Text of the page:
We got some reprieve from all of this by driving out to the Nissa, the Parthian capita until the 3rd Century CE.  The land here was lush, the white marble falling away to be replaced by juniper and pine.  Hundreds of thousands had been planted, thickening the closer they came to the carved out hillsides beyond, yet of a smaller height. The easy comparison for me was with New Mexico, right down to the blocky adobe structures baking in the sun, beside the more curved walls of kiva.  

Nissa itself could have been an uninhabited Taos Pueblo, shadowed by monstrous peaks that shot rapidly toward the sky.  On their far side was Iran, a lone road curved and dipped dangerously up to the pass leading up and over.  Somewhere as I walked along my iPhone sent me a text telling me that I’d actually entered that country.  It was a tantalizing thought, but I was happy enough here, walking through the narrow passages that would open now and again into keyhole-shaped doorways that revealed the green oasis that surrounded us.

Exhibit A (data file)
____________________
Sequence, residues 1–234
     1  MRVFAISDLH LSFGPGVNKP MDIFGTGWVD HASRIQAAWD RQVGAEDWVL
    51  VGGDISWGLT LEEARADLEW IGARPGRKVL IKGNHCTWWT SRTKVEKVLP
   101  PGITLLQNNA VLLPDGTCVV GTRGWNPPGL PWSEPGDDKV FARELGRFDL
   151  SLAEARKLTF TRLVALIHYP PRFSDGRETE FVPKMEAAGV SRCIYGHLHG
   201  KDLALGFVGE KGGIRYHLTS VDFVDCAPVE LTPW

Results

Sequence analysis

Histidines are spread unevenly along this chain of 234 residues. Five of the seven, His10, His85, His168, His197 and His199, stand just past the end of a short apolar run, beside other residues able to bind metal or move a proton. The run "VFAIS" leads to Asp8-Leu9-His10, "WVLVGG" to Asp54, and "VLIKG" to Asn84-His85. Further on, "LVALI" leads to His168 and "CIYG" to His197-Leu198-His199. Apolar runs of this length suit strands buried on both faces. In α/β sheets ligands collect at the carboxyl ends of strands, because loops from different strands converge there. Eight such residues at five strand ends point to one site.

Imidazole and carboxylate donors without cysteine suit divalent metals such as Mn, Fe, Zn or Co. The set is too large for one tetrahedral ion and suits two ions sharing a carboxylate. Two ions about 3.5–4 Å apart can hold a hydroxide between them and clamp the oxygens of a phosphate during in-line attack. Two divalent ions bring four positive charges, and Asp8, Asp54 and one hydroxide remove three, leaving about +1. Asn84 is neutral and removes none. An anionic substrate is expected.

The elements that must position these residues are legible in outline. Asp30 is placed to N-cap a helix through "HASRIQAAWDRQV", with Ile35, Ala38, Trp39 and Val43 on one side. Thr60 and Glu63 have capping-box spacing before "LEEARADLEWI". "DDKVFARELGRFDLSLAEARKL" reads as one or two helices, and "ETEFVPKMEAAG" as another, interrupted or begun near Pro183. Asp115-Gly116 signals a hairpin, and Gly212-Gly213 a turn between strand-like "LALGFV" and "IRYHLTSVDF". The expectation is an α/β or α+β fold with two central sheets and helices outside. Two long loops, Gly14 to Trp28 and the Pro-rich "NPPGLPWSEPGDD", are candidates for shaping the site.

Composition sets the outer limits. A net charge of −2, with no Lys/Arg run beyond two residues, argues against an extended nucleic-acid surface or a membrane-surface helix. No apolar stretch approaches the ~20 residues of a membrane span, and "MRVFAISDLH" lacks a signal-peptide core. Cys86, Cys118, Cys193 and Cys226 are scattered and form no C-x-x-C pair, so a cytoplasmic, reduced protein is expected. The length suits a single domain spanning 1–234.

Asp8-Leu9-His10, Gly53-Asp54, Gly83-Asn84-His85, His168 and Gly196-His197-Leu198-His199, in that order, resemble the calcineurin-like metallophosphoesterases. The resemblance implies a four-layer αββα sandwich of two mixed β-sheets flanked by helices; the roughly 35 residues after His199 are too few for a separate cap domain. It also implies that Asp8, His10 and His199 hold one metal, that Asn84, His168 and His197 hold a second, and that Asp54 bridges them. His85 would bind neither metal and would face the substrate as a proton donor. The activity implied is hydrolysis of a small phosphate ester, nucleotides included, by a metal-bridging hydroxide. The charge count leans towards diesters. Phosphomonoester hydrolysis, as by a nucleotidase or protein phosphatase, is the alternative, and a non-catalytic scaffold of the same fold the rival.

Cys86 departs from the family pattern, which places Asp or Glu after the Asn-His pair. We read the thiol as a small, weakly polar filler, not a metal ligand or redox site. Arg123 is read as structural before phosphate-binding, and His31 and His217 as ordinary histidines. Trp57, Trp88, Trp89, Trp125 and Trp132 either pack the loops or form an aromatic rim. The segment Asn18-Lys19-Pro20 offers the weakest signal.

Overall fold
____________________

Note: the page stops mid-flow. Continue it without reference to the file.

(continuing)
Tukemenbashi had ordered some of Ashgabat’s biggest and most garish structures to be built outside the city, including our own rocket-ship shaped hotel.  Nearby was the world’s largest (and perhaps least-used) indoor ferris wheel that looked like a massive lozenge.  Another was an enormous TV tower that brought in very little, but did extend a middle finger toward neighboring Iran.